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Environmentalism’s Birth Mother, Virgin Martyr, and Beacon Saint

Reviewed by David Walton

Linda Lear’s very thorough and readable biography of author and naturalist Rachel Carson is sure to be the definitive book on Carson’s life. Rachel Carson: Witness for Nature is factual, unslanted, neither speculative nor prying—everything that a biography should be, and then some. With 485 pages of text and about 150 of notes and bibliography, Lear doesn’t swamp her reader, but she does lose some of that sense of proportion so crucial to understanding Rachel Carson’s accomplishment—the way in which one person can make an enormous difference in the world.

Rachel Carson lived an exemplary life, exemplary in the sense that she lived moderately, virtuously, with dedicated and determined craft, but also exemplary in the medieval sense that her story has a lesson to impart. It is, however, a lesson easy to misread, and easy to misrepresent. I confess that at first I rebelled at the detail Lear included: a synopsis of every college composition Rachel Carson wrote, every teacher and mentor who encouraged her, every editor who responded favorably or not to one of her articles. But slowly, over many pages, a picture emerges of the life of a gifted, dedicated woman of the American 30s, 40s, and 50s, a time when women were excluded, routinely passed over, only nominally represented on faculties and in government agencies. Lear tells a fascinating story about American professional women in the first half of this century, and of the network of female alliances that promoted and sustained a young woman of talent. Separate from the interest of Carson’s own life, which is considerable, Lear’s biography is a rich cultural history, crossing, as Carson herself did, the realms of science, government service, academic life, publishing, and literary celebrity.

But does Rachel Carson’s own particular life merit a 500-page biography? Or, put a little differently, is Rachel Carson’s particular life best served by a meticulous, step-by-step catalogue biography?

Working in two of literature’s most perishable forms, nature writing and social action, Carson’s niche is probably secure. As a science writer, she is unparalleled in her clarity and expressiveness, her marvelous precision of language and sense of cadence preserved in that favorite bestseller, The Sea Around Us.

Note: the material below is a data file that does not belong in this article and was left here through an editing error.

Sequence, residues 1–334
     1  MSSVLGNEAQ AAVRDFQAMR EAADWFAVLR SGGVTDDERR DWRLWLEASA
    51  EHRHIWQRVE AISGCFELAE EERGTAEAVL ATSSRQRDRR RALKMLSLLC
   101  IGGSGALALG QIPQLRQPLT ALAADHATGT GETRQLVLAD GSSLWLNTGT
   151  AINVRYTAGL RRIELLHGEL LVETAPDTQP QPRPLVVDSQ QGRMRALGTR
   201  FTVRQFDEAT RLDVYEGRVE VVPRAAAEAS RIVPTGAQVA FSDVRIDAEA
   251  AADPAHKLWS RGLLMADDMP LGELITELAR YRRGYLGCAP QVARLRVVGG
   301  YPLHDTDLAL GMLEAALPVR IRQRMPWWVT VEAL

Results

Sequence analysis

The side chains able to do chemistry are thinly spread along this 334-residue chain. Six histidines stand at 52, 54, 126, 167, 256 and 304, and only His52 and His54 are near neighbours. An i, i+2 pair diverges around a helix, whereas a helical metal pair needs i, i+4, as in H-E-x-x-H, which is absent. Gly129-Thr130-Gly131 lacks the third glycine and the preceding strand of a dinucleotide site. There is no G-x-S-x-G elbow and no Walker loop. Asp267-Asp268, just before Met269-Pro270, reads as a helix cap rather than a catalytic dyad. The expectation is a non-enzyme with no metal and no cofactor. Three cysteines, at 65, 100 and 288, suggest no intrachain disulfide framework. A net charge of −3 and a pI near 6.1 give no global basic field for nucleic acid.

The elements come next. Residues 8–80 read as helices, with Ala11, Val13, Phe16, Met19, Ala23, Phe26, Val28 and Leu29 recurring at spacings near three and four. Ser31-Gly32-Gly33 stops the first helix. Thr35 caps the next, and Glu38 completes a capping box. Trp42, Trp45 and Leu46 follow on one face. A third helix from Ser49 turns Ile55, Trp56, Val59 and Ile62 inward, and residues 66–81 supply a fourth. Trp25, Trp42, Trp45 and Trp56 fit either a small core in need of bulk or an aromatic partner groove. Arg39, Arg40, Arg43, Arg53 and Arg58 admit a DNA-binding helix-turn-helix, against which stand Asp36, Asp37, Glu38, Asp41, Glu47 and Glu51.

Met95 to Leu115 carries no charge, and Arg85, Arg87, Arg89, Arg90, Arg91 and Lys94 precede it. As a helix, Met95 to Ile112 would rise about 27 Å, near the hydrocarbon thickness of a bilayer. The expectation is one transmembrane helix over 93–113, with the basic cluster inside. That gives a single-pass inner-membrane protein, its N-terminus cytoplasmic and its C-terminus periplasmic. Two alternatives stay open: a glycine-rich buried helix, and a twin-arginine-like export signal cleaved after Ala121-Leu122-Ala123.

But it is as the author of Silent Spring, a crusader classic still potent today, that Rachel Carson has become a figure of historic as well as literary consequence, earning comparisons to Thomas Paine and Harriet Beecher Stowe. That 1962 exposé of the dangers of indiscriminate pesticide spraying led to a ban on DDT, to the foundation of the Environmental Protection Agency, and, some would say, to the entire environmentalist movement.

Silent Spring is a model of persuasive writing, eloquent and grimly effective, most persuasive in its unembellished devotion to nature, most eloquent in its strict reliance on fact and reasoned argument. Its brevity is part of its impact, and the audio abridgment read by Ellen Burstyn (Durkin Hayes, $16.99) captures vividly its powers of rhetoric, its unassailable logic, and its ability to touch both feeling and reason, and is an excellent accompaniment to Lear’s biography.

Carson’s death of cancer in 1964 at age 56, just two years after its publication, transformed her into an icon—the birth mother, beacon saint, and virgin martyr for the environmentalist movement. Hers is a life, like Gandhi’s or Albert Schweitzer’s, best displayed in its simplest form, and for that I’d recommend John Henricksson’s Rachel Carson: The Environmental Movement (Millbrook, 1991), 96 pages with index and bibliography, its dual title suggesting the ways Carson’s life has become linked to her subject; or, better still, since it can be combined with a walk in nature, Ginger Wadsworth’s 1992 audio biography Rachel Carson: Voice for the Earth (Audio Bookshelf, $17.95), read by Melissa Hughes in just over two hours, designed for family listening ages 10 and up.

But a glance across the shelf of books that have accrued about Rachel Carson and the controversies she stirred up quickly illustrates the risks of simplification, and the importance of having one book like Lear’s that puts all available facts about Carson’s life on the record. Lear’s story is never dull, and one comes away, as we rarely do from these catalogue biographies, liking the subject better, and admiring her more.

One particularly interesting feature is how much Rachel Carson reflected the Pittsburgh region (she grew up in Springdale, near New Kensington, and graduated from the Pennsylvania College for Women, now Chatham College), at a time when Pittsburgh was the most polluted city in America; and how much she reflected that segment of Pittsburgh society devoted to culture and the arts, to academic and professional attainment, over the prevailing industrial norm. Rachel Carson is one of a string of remarkable women that includes Gertrude Stein, Martha Graham, Willa Cather, and Gladys Schmitt, whose careers developed and took shape from, often in flight from, the things they experienced here—and for that, too, Lear’s is a valuable and rewarding biography.

David Walton is a short-story writer and freelance book critic.

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